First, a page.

By Roy L Hales
As the people of Washington and Oregon turn their back on new coal port proposals, producers have turned to British Columbia. Neptune Terminals’ coal port capacity, in North Vancouver, was doubled, without any public consultation and the city’s request for a health impact assessment was ignored. Resistance to the proposed coal terminal at Fraser Surrey docks was more determined. The Port Authority carried out assessments before approving the project, but there has been grounds for believing the project was decided upon long before the official outcome. Ecojustice has undertaken this case on behalf of Voters Taking Action Against Climate Change and Communities and Coal. This morning I’m interviewing Ecojustice lawyer Karen Campbell about the fight to keep coal from Fraser Surrey Docks
Here are some of the related opinions that others have said about this case:
“We believe that the Port was biased with their project review process and from the very beginning had every intention of approving this project.” – Paula Williams, Director of Communities and Coal.
“Plans to build a new coal port in Surrey make no sense, given the urgent need to reduce use of the fossil fuels that cause climate change.” – Kevin Washbrook, director with Voters Taking Action on Climate Change.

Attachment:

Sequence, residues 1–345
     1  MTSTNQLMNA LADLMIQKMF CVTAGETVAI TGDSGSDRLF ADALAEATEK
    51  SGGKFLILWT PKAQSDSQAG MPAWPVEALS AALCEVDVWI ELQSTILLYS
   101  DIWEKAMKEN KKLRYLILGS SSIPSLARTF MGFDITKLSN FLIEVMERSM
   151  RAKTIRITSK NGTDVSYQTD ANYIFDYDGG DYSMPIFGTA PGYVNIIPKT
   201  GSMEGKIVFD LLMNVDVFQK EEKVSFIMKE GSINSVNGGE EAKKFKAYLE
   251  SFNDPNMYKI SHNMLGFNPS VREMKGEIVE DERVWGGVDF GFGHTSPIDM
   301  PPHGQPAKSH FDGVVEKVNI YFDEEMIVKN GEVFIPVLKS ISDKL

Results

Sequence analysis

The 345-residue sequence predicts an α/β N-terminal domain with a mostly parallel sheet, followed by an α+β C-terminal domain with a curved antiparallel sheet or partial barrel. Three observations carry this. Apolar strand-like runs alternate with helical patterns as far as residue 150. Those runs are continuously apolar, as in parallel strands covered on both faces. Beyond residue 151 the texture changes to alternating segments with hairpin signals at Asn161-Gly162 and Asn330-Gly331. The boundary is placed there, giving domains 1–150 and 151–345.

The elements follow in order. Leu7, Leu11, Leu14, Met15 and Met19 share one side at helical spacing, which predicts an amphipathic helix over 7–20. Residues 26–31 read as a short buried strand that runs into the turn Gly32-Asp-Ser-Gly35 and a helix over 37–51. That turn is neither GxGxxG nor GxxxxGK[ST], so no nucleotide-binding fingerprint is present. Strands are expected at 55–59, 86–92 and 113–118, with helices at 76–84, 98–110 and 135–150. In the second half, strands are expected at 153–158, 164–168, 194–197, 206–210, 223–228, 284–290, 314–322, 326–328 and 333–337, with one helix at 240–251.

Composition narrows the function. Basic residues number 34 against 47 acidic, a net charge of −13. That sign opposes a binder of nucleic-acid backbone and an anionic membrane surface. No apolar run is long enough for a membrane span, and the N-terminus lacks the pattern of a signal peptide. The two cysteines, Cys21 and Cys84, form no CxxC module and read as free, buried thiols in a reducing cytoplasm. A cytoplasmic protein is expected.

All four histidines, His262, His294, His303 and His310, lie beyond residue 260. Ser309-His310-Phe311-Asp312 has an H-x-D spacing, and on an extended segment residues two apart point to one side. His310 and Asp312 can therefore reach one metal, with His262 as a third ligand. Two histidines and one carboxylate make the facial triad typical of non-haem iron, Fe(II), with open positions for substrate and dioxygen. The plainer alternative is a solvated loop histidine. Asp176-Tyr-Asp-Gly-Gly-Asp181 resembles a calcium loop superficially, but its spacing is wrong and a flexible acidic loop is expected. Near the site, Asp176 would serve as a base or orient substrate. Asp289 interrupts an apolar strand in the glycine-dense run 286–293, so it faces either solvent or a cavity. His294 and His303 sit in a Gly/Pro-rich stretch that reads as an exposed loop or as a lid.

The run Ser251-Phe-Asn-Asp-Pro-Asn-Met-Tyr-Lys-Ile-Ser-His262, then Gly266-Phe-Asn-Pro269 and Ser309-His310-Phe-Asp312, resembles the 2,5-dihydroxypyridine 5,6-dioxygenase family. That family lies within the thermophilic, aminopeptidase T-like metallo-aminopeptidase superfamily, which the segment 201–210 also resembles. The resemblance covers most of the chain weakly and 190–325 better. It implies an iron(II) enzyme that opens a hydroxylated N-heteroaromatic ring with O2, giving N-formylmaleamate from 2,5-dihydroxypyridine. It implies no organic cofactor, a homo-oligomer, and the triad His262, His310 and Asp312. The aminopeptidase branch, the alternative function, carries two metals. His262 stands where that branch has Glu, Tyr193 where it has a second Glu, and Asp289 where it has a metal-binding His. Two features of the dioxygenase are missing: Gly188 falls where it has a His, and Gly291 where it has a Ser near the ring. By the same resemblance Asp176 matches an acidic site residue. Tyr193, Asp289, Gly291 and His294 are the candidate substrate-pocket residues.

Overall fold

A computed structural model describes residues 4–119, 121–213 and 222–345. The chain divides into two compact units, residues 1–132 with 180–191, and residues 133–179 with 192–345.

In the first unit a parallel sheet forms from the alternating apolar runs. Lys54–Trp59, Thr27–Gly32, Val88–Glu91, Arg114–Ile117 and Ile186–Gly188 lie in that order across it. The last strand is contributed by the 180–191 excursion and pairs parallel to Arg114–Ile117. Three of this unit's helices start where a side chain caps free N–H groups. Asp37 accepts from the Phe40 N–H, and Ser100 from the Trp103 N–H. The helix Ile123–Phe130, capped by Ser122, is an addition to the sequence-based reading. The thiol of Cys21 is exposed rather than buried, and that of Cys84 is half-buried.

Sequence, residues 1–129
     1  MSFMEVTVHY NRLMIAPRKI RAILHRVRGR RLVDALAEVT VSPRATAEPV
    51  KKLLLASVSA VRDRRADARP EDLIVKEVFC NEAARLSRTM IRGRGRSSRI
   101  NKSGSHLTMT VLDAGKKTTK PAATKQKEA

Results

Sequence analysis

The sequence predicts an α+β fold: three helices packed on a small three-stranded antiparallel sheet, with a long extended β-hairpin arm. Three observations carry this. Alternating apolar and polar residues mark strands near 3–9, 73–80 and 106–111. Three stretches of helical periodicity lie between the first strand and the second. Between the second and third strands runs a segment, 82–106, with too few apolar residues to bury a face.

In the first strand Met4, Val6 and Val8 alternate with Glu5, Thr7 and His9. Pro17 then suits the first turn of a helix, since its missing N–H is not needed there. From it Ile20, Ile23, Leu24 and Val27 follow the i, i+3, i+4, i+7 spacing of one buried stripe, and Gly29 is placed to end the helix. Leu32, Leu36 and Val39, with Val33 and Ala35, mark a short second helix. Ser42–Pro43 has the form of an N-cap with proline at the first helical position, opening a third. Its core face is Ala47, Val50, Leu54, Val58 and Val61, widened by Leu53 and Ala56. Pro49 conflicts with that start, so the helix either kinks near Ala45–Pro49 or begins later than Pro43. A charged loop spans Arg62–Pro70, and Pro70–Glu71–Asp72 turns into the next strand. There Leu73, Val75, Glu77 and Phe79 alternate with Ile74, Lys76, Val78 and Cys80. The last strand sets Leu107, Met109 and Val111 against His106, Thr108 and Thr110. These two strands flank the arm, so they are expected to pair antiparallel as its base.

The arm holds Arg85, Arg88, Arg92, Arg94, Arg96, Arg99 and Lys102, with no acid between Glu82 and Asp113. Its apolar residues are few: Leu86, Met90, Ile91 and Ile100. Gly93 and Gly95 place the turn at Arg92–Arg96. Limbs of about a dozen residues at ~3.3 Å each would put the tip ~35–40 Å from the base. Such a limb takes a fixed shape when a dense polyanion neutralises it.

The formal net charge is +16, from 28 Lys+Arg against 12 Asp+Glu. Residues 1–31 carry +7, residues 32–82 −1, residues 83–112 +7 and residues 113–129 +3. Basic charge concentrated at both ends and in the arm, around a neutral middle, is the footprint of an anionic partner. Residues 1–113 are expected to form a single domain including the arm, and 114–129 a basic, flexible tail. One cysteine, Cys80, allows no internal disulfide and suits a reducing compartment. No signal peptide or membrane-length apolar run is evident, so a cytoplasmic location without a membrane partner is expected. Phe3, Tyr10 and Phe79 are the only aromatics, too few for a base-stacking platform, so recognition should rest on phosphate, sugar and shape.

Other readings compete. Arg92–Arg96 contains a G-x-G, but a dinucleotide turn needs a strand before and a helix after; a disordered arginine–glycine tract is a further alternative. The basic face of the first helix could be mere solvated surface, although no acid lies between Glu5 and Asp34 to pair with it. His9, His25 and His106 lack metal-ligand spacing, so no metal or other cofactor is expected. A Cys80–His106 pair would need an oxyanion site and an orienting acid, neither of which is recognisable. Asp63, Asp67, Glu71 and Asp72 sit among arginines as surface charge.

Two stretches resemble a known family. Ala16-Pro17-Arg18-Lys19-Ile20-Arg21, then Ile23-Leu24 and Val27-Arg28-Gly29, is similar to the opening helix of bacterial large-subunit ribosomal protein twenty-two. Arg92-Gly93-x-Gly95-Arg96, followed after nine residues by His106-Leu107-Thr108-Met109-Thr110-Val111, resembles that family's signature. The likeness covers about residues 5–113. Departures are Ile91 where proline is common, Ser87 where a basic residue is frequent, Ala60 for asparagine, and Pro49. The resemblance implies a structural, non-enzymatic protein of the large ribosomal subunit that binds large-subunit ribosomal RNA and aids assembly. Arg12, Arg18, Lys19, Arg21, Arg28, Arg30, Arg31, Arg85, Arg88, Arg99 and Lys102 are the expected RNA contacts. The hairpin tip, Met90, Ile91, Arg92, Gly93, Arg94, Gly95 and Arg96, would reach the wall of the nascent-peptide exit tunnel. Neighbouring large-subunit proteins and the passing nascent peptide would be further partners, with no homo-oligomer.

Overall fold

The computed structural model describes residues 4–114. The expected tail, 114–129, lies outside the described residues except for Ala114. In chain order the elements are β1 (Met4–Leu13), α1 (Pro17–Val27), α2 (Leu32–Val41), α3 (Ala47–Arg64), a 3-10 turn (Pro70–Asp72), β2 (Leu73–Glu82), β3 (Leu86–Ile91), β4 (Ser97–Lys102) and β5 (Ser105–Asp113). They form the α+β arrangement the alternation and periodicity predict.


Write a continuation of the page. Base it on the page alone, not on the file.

The environmental assessment was “primarily a repackaging of work previously done by other consultants” that does not “deal with the full scope of the project” or “meet even the most basic requirements of a health impact assessment.” – BC’s chief medical health officers Dr. Patricia Daly and Dr. Paul Van Buynder (who were not asked to comment on the subsequent health assessment).
“Over and over again we decisions being made by bodies who are not independent. Port Metro Vancouver is conducting this environmental assessment. The Majority of Directors on Port Metro Vancouver are appointed by the very companies that stand to economically benefit from these decisions. And so here you have a Board of Directors, appointed by the companies that us in charge of the environmental assessment to determine if they are going to make more money.” – Burnaby Mayor Derek Corrigan
Photo Credit: Got Coal by Alan Levine via Flickr (CC BY SA, 2.0 License)